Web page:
Like King Theoden of The Lord of the Rings, Microsoft Corp. (MSFT), old and gray, watched as Apple, Inc.’s (AAPL) tablets, which were increasingly cannibalizing users’ screen time, imperiled its kingdom. Like the king, Microsoft’s advisors whispered false promises of security. Any day now a successful Windows tablet would come out…
Except it didn’t. So Microsoft, at last awoken, took up the sword unveiling the Surface — a slick Windows 8 tablet that shocked the tech world.
Now its finding that some of its former allies have taken its awakening quite badly. Among those is Acer, Inc. (TPE:2353).
Acer played the role of Wormtongue to Microsoft’s Theoden, ever lofting big promises in the tablet space, and ever falling behind Apple misstep by misstep. Now the company hisses at its former ally for taking matters into its own hands.
Comments JT Wang, chairman and chief executive of Acer, in an interview with The Financial Times, “We have said [to Microsoft] think it over. Think twice. It will create a huge negative impact for the ecosystem and other brands may take a negative reaction. It is not something you are good at so please think twice.”
Campbell Kan, Acer’s president for personal computer global operations, adds a not-so-subtle threat, suggesting, “If Microsoft … is going to do hardware business, what should we do? Should we still rely on Microsoft, or should we find other alternatives?”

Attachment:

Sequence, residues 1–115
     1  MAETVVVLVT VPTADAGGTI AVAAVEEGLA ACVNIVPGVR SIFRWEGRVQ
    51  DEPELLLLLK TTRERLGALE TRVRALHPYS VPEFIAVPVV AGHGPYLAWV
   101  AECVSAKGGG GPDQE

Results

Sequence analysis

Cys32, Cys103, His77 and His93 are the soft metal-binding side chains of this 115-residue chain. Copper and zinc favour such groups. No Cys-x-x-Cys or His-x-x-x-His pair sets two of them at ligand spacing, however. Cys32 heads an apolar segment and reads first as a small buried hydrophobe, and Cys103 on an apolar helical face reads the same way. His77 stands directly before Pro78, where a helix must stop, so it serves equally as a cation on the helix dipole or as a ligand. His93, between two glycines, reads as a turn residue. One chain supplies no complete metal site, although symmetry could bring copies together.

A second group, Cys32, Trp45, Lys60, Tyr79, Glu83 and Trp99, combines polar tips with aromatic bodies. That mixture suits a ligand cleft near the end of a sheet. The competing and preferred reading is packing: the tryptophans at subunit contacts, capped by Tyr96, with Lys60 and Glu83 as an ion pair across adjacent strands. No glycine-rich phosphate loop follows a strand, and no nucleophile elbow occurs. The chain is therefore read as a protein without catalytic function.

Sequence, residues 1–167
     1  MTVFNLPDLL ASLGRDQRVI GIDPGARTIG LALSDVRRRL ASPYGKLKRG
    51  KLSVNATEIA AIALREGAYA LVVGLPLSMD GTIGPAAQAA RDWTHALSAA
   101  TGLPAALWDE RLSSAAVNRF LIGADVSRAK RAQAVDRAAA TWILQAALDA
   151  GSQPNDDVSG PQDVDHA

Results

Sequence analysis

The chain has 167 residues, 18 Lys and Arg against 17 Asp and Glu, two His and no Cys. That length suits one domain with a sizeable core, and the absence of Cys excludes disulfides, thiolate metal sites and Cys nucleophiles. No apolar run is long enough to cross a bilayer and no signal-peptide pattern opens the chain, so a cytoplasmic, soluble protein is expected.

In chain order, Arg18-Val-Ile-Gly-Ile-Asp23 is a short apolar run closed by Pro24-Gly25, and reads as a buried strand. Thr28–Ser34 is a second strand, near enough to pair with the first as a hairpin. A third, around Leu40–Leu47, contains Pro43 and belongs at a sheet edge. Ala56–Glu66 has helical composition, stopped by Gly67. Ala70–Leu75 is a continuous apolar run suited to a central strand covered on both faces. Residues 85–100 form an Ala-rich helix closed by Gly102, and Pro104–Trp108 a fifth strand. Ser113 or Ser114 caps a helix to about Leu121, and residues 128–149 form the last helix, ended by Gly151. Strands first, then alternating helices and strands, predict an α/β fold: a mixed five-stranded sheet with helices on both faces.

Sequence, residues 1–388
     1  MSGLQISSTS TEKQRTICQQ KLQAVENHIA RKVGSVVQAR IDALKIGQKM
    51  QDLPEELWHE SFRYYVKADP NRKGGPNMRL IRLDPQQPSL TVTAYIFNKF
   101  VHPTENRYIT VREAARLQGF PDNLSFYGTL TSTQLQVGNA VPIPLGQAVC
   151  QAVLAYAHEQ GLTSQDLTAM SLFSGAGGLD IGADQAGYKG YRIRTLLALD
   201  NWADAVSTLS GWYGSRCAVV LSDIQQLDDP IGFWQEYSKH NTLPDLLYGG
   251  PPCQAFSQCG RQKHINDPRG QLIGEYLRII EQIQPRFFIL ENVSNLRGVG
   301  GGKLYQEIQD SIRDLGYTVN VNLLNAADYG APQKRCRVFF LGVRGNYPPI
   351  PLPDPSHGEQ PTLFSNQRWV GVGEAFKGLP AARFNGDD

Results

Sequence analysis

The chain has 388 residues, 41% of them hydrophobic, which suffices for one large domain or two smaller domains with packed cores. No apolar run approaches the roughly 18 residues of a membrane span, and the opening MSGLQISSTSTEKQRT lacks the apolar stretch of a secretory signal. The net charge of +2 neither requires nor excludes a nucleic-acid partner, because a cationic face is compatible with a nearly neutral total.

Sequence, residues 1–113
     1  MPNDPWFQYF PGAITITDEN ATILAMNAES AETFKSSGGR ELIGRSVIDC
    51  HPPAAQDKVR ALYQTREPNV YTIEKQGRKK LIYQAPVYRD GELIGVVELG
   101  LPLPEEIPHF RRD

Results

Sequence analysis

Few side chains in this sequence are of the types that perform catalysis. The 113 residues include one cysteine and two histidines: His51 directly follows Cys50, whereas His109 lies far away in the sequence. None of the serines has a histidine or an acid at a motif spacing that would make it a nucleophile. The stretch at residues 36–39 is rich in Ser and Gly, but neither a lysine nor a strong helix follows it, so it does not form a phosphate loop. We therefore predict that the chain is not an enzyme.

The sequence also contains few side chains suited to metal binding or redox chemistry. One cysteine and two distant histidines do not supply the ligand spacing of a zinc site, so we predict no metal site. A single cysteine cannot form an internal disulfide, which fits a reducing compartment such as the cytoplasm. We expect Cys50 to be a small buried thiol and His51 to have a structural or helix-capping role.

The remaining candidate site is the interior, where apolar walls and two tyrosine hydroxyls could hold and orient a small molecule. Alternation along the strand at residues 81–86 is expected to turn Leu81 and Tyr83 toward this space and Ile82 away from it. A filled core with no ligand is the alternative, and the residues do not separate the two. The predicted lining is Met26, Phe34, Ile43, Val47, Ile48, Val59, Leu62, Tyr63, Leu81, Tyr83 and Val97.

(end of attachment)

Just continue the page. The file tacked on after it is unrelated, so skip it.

Microsoft in regulatory filings has acknowledged that its OEMs may be hurt by Surface. But the key thing to note is that the whole reason that Microsoft entered this face was because its partners failed, miserably, to compete against Apple.
Acer’s sour grapes are perhaps a testament to the overall weakness of its tablet line. J.T. Wang in Dec. 2011 called his company’s product’s “cheap” and “unprofitable”. Samsung Electronics Comp., Ltd. (KSC:005930) and others have outsold Acer in the emerging Android tablet market.
Even if Microsoft’s Surface proves successful, volumes will likely remain relatively low, by Microsoft’s own accounting. Thus companies like Samsung who have promising Windows 8 tablet products should be fine.
For companies like Acer, who lack viable tablet product of any flavor, there will likely be much bellyaching. But at the end of the day they forced Microsoft to make this decision in the first place, and if they focused on creating viable products rather than making hollow threats, then they would have far less to worry about.
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